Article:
Taking into account the supply chain of ingredients a brewery relies on is something Steve Sanderson also takes seriously. Founder of RiverWalk Brewing in Newburyport, Massachusetts, he says they’ve taken a hard look at everything that impacts their efficiency in the brewhouse, from where they source ingredients to minimizing the amount of raw materials used during the mash-in. “We’ve even examined the practice of using massive amounts of hops, which is actually quite wasteful,” he points out. It’s all part of what Sanderson says is the company’s mission to be responsible to the larger community as well as to the planet. He too is part of the sharing economy, increasingly offering contract brewing services to smaller, taproom-focused breweries. In so doing, the benefits of his brewery’s efficiency practices, which range from production to packaging to cold storage, are magnified exponentially.
RiverWalk’s most tangible eco asset, however, and the one it’s most known for, is the the 292-foot high, 600-kilowatt wind turbine that helps power its brewery. “It’s a pretty clear sign to everyone that we’re environmentally conscious,” says Sanderson. In combination with the 500-kilowatt solar array on the roof the brewery, the building generates so much renewable power that some of it is sold back to the grid, a major draw when Sanderson was searching for a new space to expand into a few years ago. Known as the Mark Richey Building, the carbon emissions it prevents annually is equivalent to removing 200 cars from the road.
Installing renewable energy on his brewpub’s rooftop wasn’t an option for Phil Bannatyne, founder of Cambridge Brewing Company, so he did the next best thing. “Our electric supplier, Constellation Energy, has an option where you can select 100% wind-generated energy as your source choice,” he explained. “It costs a little more, but I think supporting renewable energy development is important.” Rather than paying for electricity that’s sourced by the local utility and generated by fossil fuels, he purchases what are known as Renewable Energy Credits or RECs. Available for anyone through third-party suppliers like Constellation, it allows environmentally conscious businesses to decrease their carbon footprint even if they can’t access an on-site wind turbine or solar panels. Long a proponent of sustainable practices, CBC was also an early adopter on converting to energy-saving LED lights, full-on recycling, environmentally safe cleaning agents, compostable paper products, water-saving methods at the brewery, and even encouraging employees to bike to work.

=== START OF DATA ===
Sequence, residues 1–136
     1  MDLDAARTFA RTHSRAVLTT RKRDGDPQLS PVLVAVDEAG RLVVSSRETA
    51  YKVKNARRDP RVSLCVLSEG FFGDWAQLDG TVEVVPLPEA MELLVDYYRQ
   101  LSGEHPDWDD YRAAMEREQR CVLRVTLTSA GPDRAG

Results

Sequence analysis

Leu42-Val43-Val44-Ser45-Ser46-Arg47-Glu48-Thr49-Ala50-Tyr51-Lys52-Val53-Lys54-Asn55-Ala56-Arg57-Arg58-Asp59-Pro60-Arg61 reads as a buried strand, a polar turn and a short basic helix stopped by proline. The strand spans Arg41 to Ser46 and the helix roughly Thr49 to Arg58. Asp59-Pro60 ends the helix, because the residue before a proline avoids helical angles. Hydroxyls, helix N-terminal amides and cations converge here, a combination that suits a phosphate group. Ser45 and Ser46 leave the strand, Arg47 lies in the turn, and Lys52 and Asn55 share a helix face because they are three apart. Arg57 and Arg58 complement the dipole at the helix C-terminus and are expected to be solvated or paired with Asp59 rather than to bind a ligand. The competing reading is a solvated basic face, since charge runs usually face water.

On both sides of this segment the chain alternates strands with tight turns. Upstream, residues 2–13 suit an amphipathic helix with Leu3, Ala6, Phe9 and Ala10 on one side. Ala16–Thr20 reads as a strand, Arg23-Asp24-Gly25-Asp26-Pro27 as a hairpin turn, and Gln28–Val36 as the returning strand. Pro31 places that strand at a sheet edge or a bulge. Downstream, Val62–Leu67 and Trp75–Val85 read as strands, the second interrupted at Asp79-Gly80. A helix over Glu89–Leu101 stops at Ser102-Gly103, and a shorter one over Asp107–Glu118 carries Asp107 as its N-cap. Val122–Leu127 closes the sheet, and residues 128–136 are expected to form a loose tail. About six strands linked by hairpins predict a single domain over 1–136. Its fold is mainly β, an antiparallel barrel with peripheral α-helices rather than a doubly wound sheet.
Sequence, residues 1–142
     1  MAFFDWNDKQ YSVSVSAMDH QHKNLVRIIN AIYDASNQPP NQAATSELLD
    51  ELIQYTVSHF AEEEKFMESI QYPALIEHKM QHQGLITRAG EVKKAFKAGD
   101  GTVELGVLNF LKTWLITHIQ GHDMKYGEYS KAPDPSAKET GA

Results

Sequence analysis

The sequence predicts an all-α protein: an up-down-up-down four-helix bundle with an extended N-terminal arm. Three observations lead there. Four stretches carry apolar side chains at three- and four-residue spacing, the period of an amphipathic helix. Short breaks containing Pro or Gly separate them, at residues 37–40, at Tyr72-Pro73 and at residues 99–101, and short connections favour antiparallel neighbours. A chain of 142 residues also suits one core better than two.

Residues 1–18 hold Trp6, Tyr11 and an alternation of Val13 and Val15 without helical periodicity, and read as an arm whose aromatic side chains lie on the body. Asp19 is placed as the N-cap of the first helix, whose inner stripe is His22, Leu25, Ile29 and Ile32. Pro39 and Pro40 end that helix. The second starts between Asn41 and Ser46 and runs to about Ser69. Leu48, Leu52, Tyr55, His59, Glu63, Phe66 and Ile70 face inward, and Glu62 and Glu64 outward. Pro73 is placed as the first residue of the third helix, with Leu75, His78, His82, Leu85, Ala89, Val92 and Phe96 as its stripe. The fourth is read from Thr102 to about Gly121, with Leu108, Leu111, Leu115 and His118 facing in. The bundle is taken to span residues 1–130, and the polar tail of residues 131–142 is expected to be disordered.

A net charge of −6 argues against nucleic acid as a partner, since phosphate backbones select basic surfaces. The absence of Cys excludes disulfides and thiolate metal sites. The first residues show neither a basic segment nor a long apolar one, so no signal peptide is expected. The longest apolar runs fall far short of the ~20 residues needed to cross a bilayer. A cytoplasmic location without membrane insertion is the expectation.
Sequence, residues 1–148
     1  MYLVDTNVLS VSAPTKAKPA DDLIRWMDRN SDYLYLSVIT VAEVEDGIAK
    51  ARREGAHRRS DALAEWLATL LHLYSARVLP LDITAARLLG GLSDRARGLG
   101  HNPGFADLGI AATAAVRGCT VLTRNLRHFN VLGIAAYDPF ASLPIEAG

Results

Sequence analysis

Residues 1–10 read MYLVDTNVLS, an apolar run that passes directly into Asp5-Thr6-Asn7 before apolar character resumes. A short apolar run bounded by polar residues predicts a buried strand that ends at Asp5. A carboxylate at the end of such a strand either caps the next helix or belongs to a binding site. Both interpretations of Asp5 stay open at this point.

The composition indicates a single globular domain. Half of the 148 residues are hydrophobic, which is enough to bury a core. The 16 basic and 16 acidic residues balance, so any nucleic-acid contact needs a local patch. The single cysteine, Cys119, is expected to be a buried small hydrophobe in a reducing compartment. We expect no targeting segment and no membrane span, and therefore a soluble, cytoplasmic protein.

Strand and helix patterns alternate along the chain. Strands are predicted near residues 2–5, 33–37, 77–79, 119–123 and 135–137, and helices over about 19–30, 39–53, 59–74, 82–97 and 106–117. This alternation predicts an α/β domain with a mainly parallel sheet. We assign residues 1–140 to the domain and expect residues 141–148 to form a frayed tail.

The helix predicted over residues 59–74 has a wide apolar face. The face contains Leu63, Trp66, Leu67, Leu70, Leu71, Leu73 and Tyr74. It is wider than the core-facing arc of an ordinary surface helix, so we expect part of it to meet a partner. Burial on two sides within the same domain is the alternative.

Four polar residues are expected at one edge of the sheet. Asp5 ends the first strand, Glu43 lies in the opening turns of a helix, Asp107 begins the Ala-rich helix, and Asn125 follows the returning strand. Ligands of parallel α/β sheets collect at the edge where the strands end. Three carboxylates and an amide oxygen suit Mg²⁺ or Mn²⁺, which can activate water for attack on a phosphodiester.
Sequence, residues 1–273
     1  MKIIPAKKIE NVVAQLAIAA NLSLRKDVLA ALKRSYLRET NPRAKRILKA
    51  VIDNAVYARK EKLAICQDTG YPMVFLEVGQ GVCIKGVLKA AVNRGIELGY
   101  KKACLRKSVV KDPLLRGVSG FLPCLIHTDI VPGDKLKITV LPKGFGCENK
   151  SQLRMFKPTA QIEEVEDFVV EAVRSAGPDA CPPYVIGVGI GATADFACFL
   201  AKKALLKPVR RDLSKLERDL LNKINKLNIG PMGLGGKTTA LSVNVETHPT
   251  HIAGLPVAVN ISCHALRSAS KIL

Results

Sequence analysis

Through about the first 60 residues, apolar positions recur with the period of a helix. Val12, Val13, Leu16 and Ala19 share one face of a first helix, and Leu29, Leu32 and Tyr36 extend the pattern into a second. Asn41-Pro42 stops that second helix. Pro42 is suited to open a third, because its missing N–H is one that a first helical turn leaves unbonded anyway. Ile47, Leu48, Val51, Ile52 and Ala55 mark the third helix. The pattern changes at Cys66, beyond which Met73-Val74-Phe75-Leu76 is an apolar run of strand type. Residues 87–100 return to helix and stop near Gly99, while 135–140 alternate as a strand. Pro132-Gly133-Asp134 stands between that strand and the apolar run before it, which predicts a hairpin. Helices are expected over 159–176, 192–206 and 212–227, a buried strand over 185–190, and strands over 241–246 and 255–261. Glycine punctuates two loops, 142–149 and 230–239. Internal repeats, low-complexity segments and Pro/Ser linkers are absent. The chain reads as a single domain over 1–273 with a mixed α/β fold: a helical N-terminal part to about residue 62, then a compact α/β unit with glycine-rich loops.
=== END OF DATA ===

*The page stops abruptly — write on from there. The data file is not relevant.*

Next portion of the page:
How CBC diverts food scraps and spent grains that would otherwise end up in landfill is another impressive story. “We use a Maine-based company called Agri-Cycle which regularly picks up our food waste in these large totes,” says Bannatyne. “They have a number of huge bio digesters that capture methane from bacteria that are decomposing the waste, then the methane is burned to generate electricity.” According to the Agri-Cycle website, its anaerobic digesters also produce fuel, fertilizer, and other beneficial products to “bring food full circle.” It’s a concept CBC’s brewmaster Will Meyers even incorporated into a unique offering he once brewed. A tart session beer called Grateful Bread, and made with leftover loaves delivered to CBC by non-profit food rescue Lovin’ Spoonfuls, it’s aim was to help raise awareness about food waste.